Do you remember the graduation speech from your high school commencement? What about your college graduation? Don’t feel bad if you don’t; I don’t have a real clear memory of either, even though neither is all that far in the rear view mirror. Just about all of these speeches is the same; a heartfelt walk down memory lane, designed to eloquently summarize a four-year period in ten minutes or less.
The speaker usually touches on the highs and lows of the high school or college experience: the lessons learned, the friends made, the opportunities savored. Your standard, run-of-the-mill graduation speech is part nostalgia, part inspiration, a touching farewell to childhood and an optimistic introduction to the real world.
Well, at least most of the time…
If I had to guess, I’d say the Wellesley (Massachusetts) High School class of 2012 won’t soon forget their graduation speech. David McCullough Jr., the son of famed historian (if there is such a thing) David McCullough, gave the keynote address to graduates earlier this month. In his speech, the history teacher admonished the so-called trophy generation, reminding them that when everyone gets a trophy (or an “A” in English class, or accepted into the same college or university, etc.), the value of that trophy is diminished. McCullough went on to tell them in no uncertain terms, “You are not special.”
It’s true that, as McCullough says, today’s trophy generation “pampered, cosseted, doted upon, helmeted, bubble-wrapped.” (To read a full transcript of McCullough’s speech, click here. Since the day they were born, these children have been told they are special – extraordinarily so – and have grown used to having things go their way. This is the generation whose moms and dads inspired the creation of the term “helicopter parents.” This is the generation that, as so many of my teacher-friends have told me, lacks the respect for authority and discipline their predecessors held dear. This is the generation whose childhood was framed by the attacks of 9/11 (the class of 2012 was just beginning the second grade when the towers fell), whose adolescence was defined by the Great Recession.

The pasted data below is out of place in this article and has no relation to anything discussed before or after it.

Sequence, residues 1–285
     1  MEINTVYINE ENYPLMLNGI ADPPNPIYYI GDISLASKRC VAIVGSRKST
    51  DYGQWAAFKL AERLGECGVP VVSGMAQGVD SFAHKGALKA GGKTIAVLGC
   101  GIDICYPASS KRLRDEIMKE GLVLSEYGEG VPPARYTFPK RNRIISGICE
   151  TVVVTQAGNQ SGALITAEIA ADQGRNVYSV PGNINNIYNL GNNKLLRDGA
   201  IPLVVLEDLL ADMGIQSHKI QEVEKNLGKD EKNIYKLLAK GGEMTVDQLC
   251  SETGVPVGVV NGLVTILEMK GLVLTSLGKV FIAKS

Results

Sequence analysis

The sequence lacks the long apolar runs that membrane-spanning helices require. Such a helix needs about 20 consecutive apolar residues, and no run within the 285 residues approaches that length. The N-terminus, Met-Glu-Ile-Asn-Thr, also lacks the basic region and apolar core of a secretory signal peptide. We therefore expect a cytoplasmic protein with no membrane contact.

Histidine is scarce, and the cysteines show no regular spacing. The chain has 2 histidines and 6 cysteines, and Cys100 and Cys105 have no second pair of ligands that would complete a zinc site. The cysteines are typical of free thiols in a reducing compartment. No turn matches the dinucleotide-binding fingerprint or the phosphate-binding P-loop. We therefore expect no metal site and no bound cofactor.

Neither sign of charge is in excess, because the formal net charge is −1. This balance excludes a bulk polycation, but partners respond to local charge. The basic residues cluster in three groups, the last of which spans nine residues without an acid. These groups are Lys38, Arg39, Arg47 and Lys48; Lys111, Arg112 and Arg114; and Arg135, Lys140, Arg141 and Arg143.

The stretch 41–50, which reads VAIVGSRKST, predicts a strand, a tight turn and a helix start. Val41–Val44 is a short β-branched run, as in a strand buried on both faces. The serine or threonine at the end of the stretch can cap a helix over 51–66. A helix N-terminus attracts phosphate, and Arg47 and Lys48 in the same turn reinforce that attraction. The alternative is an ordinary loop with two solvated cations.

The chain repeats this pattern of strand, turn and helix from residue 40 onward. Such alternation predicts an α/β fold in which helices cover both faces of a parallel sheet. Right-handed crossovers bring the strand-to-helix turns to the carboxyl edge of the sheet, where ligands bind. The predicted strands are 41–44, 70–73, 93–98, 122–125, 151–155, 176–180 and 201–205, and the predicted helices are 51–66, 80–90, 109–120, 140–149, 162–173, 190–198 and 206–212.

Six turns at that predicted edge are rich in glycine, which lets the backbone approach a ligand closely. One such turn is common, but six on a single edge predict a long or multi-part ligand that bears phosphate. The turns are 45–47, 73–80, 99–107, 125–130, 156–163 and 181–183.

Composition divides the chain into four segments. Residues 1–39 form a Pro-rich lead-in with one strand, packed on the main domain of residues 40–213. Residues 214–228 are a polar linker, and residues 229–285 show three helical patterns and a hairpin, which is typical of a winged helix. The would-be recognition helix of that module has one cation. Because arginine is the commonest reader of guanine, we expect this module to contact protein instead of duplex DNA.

McCullough’s unusual graduation speech has been both vilified and glorified in the social media universe. Many have chided him for his words, saying he failed to show respect for his students. Others praised him for telling these pampered students on the precipice of the real world where they really stand among their peers.
Where do I stand?
I agree with McCullough. When the vast majority of students graduate from high school, they are nothing special. So you were captain of your high school’s football team? So were more than 16,000 other student-athletes across the country. You graduated at valedictorian? So did the top student at each of the more than 18,000 high schools in America. Maybe
you scored a perfect 2400 on your SATs. Good for you… and the other 383 people who took the college entrance exam last year.
My point isn’t to diminish the accomplishments of a high school senior; my point is, simply, that there’s very little to differentiate one student from another at that stage of the game. At 18, you still have – relatively speaking – your whole life in front of you; who knows what you’ll become? At that age, I’m sure I thought I was something pretty special, but looking back on my 18-year-old self, I can now admit that I knew nothing, was nothing… at least, not yet.
Readers, do you agree with David McCullough Jr.’s graduation speech? What would YOU tell the graduating class of 2012?